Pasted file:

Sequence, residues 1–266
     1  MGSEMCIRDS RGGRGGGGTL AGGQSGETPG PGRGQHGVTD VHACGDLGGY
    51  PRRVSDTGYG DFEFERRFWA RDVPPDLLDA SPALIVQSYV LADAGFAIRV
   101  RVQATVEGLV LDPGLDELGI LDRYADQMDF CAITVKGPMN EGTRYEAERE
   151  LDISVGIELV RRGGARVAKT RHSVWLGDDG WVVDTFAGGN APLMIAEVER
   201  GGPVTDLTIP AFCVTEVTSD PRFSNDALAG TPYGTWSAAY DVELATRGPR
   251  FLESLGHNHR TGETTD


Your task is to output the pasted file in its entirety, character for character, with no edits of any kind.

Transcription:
Sequence, residues 1–266
     1  MGSEMCIRDS RGGRGGGGTL AGGQSGETPG PGRGQHGVTD VHACGDLGGY
    51  PRRVSDTGYG DFEFERRFWA RDVPPDLLDA SPALIVQSYV LADAGFAIRV
   101  RVQATVEGLV LDPGLDELGI LDRYADQMDF CAITVKGPMN EGTRYEAERE
   151  LDISVGIELV RRGGARVAKT RHSVWLGDDG WVVDTFAGGN APLMIAEVER
   201  GGPVTDLTIP AFCVTEVTSD PRFSNDALAG TPYGTWSAAY DVELATRGPR
   251  FLESLGHNHR TGETTD